A chaupai (Punjabi: ਚੌਪਈ) is a quatrain (a four lines) stanza or verse which is popular in Indian poetry, used both in medieval Hindi poetry and in the Dasam Granth, a Sikh holy scripture. It uses a metre of four syllables.
The word has 2 roots "Chau" meaning 4 and "paee" to attain, acquire; limbed; lying so together the word means "having 4 limbs; 4 qualities; etc
Chau-phaee (Punjabi: ਚਉਪਾਈ) - Is a four legged bed-stead
The Chaupai type of composition having 4 lines for each verse is very common and nearly 2000 such compilations are found in the Dasam Granth.
The beginning of the section "Aapnee katha" - "My Story" begins with a chaupai thus:
|ਅਪਨੀ ਕਥਾ |
ਤਮਰੀ ਮਹਿਮਾ ਅਪਰ ਅਪਾਰਾ ॥ ਜਾ ਕਾ ਲਹਿਓ ਨ ਕਿਨਹੂੰ ਪਾਰਾ ॥
|AUTOBIOGRAPHY (My Story) |
The famous morning Nitnem prayer of the Sikhs actually called "Benti Chaupai" is all in the chaupai mode consisting of 4 lines for the entire compilation apart from the conclusion which has version other metres including Dohra near the end of this Bani.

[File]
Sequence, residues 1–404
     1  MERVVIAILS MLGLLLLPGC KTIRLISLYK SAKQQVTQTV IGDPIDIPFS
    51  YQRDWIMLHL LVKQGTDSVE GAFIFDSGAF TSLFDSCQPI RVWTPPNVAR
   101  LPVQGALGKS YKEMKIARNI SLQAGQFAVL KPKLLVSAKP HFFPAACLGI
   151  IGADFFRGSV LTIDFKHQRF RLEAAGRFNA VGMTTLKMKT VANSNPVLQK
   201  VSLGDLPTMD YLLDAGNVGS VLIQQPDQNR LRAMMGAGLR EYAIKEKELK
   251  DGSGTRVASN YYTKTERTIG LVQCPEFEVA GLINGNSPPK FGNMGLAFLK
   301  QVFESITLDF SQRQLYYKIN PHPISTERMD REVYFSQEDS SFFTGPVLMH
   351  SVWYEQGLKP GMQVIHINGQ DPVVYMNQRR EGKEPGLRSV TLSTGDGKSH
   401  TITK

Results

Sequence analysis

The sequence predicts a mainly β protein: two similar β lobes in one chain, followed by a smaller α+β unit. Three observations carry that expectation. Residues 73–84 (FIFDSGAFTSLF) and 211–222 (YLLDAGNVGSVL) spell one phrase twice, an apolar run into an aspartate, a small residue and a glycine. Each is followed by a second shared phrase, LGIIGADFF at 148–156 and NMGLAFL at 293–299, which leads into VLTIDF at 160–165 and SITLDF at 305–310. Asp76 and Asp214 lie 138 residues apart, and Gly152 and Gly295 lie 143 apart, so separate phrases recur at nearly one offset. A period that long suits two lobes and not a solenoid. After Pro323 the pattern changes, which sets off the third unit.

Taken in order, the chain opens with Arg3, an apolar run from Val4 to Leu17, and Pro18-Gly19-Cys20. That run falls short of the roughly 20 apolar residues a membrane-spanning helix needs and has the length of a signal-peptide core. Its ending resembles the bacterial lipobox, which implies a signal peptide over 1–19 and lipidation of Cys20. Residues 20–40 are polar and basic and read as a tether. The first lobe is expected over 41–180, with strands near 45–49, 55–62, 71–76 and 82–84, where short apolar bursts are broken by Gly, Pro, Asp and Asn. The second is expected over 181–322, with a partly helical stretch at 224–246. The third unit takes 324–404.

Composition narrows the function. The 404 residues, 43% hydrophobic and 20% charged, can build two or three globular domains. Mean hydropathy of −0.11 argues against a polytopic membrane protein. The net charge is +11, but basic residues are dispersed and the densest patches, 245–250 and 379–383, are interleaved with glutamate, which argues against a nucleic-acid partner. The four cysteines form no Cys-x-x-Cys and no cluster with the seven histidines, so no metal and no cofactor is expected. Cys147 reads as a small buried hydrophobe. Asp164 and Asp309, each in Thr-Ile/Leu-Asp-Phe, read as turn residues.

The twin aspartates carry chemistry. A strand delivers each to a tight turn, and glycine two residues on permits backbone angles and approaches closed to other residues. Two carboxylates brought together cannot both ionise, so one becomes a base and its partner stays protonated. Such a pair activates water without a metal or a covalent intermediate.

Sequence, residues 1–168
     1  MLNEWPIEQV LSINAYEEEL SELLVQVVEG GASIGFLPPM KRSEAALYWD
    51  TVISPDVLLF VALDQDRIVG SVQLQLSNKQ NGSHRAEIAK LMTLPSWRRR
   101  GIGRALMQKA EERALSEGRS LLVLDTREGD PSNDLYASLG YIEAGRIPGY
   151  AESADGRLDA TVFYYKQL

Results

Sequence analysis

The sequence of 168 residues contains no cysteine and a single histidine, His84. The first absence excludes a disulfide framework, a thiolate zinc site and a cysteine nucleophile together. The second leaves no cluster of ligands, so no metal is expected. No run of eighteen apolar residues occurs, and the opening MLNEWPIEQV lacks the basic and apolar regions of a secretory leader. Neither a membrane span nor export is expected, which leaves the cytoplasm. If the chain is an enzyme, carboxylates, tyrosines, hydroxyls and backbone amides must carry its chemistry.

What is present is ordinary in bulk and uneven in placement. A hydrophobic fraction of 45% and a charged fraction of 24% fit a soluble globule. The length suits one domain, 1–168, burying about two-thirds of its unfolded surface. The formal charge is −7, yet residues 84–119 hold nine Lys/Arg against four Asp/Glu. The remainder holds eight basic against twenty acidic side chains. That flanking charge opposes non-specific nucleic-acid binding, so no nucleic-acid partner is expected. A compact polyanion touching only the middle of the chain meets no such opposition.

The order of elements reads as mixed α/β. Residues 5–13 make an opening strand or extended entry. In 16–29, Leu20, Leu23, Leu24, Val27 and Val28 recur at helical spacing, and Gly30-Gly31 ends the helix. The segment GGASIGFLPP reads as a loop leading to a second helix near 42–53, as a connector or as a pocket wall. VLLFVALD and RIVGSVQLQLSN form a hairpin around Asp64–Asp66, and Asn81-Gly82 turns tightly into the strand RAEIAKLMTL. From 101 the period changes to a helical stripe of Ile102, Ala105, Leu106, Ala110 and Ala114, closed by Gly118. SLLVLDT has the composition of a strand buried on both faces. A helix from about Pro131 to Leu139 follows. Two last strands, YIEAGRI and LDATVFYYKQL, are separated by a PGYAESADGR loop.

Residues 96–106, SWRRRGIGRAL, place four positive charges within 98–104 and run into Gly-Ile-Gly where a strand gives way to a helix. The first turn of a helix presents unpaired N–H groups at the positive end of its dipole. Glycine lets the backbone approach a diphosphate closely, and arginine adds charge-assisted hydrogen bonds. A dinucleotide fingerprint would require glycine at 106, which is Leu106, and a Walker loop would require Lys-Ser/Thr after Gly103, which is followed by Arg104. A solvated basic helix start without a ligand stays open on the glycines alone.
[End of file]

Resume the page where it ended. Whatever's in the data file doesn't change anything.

Famous chaupais include those of poet-saint Tulsidas, used in his classical texts of Ramcharitamanas and in the Hanuman Chalisa and also in Sikh prayer Chaupai.
Chaupai is identified by a syllable count 16/16, counted with a value of 1 in case of Hrasva (Short sounding letter) and 2 in case of Dhirga (long sounding letter)
Some of the famous 40 chaupais (known as chalisa) are Ganesh Chalisa Shiv Chalisa Durga Chalisa Hanuman Chalisa